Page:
The Supreme Court
Two men, John Geddes Lawrence and Tyron Garner, were charged with a misdemeanor on a sex charge in 1998. They were each fined $200 and forced to spend a night in jail.
The case started when a neighbor called in a fake distress call saying someone was “going crazy” in Lawrence's Texas apartment. When the police pushed open the door, they found Lawrence and Garner engaging in sodomy, which was illegal in Texas. In fact, until the ruling in Lawrence v. Texas, 13 states had sodomy laws and four of them prohibited oral and anal sex between same-sex couples. These four states were Texas, Kansas, Oklahoma, and Missouri. The other nine states ban consensual sodomy for all citizens—Alabama, Florida, Idaho, Louisiana, Mississippi, North Carolina, South Carolina, Utah, and Virginia.
Just the Facts
Bowers v. Harwick involved the arrest of Harwick, who was charged with violating Georgia's sodomy law when he was caught engaging in a sexual act with another male in his bedroom in August 1982. Only three of the current justices were on the Court at the time—Chief Justice Rehnquist and Justices O'Connor and Stevens. Stevens dissented with the ruling. At that time, 24 states had anti-sodomy laws on the books.
This case was not the first time the Supreme Court ruled on the legality of sodomy laws. In 1986, a precedent-setting ruling in Bowers v. Harwick upheld a Georgia anti-sodomy law that was similar to the Texas law just struck down.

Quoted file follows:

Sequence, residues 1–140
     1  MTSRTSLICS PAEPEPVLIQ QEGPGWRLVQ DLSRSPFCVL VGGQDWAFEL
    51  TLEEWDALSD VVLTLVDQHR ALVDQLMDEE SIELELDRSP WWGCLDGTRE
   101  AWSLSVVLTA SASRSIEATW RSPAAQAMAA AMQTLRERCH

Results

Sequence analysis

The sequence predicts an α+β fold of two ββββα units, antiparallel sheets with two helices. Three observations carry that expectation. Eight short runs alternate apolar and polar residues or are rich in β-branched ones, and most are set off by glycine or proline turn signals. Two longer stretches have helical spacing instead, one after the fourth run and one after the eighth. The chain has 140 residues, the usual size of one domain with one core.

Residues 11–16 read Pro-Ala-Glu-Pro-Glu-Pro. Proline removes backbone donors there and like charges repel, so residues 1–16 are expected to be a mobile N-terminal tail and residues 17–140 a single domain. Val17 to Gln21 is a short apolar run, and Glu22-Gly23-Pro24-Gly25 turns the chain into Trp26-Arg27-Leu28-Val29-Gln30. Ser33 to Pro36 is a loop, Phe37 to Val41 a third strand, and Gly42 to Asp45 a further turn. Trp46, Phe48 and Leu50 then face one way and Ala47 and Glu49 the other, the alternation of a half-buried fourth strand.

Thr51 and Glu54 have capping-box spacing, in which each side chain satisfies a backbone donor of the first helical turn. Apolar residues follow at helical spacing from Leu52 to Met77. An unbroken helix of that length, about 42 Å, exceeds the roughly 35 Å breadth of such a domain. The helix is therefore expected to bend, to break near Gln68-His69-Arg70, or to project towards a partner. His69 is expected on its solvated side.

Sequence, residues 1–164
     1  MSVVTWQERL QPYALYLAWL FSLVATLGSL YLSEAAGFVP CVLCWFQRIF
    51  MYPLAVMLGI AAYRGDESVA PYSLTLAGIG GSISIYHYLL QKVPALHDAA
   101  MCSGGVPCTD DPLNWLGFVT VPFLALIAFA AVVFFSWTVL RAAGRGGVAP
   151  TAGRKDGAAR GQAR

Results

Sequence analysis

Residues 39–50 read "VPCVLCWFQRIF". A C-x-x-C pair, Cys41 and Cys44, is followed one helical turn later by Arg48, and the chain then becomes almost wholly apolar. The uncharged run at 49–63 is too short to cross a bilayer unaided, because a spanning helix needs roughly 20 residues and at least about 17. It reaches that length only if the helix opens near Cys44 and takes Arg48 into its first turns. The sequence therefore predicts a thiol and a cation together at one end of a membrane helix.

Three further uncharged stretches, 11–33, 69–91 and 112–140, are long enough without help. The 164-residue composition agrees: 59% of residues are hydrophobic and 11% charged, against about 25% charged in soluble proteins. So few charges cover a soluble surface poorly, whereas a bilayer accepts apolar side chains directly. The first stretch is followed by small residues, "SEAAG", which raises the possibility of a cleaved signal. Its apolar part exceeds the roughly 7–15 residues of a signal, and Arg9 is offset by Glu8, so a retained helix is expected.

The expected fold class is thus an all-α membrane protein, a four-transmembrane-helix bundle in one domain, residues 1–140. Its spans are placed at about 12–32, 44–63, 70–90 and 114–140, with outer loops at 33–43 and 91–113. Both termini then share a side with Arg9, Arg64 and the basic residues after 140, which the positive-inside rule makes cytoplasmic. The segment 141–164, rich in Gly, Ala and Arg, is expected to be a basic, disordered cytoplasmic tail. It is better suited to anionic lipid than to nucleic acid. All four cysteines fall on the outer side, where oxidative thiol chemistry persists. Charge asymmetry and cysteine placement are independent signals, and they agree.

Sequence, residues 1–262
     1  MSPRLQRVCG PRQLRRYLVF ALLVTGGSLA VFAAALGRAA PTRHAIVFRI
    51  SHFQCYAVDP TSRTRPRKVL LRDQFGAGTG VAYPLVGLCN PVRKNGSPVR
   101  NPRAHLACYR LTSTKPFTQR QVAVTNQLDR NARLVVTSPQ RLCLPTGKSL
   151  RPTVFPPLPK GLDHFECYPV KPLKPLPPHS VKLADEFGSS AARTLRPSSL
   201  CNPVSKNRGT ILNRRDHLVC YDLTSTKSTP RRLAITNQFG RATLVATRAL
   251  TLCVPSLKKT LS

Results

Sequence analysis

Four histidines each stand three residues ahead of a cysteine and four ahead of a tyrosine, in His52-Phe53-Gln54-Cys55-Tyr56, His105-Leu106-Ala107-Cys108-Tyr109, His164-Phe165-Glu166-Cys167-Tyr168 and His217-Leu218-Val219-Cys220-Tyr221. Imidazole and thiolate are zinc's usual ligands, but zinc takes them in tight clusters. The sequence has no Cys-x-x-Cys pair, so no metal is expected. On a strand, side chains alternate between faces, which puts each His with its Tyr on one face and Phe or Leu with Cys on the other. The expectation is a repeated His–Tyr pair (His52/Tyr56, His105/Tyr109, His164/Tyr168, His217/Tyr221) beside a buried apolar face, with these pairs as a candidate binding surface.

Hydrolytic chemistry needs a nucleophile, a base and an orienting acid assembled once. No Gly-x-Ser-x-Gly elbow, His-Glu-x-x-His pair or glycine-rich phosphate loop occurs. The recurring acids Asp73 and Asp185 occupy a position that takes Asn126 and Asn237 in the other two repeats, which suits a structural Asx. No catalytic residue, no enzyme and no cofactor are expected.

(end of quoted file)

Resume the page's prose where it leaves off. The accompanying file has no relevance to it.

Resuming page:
Texas defended its sodomy law because it protected the state's interest in marriage and child-rearing. The state said in its defense of the law that homosexual sodomy had “nothing to do with marriage or conception or parenthood and it is not on a par with these sacred choices.”
The greatest fears of proponents of the Texas sodomy laws, and similar laws in other states, is that without these laws the country will head down the path of legalizing same-sex marriages. Opponents believe sexual relations in the privacy of one's home should not be the subject of legislation.
Justice Kennedy wrote the 6 to 3 opinion for the court and was joined by Justices Breyer, Ginsburg, Souter, and Stevens. Justice O'Connor wrote a separate concurring opinion. Justice Scalia wrote a dissenting opinion, which was joined by Chief Justice Rehnquist and Justice Thomas.
In his opinion for the Court, Justice Kennedy wrote:
Justice Scalia, who believes this ruling will end all rights of the states to enact laws based on morality, wrote in his dissent:
No one knows what's next after this ruling. Moves are certainly being made in Congress to introduce a new constitutional amendment to respond to the Court's ruling. At a July 2, 2003 press conference at the White House, President Bush was asked if a new “federal constitutional amendment that would define marriage as a union between a man and a woman” was needed. In response, Bush said, “I don't know if it's necessary yet. Let's let the lawyers look at the full ramifications of the recent Supreme Court hearing. What I do support is the notion that marriage is between a man and a woman.”
Deal Hudson, the editor of the Catholic magazine Crisis, says that “Lawrence is a devastating decision, worse than most people think—and for reasons that haven't fully dawned on them yet. This is without question the most damaging decision handed down by the courts since Roe v. Wade—one that will have even more far-reaching effects than its predecessor.” He believes that the ruling leaves the states with no defense against homosexual marriage and could lead to the removal of legal restrictions on other kinds of sexual behavior and could be used to strike down euthanasia restrictions. He says all these laws could, “fall like dominoes.”
Only time will tell if Hudson's dire predictions come true. This case obviously involved not only states' rights, but also individual rights, which we'll discuss further in our next section on laws that deal with control of our bodies.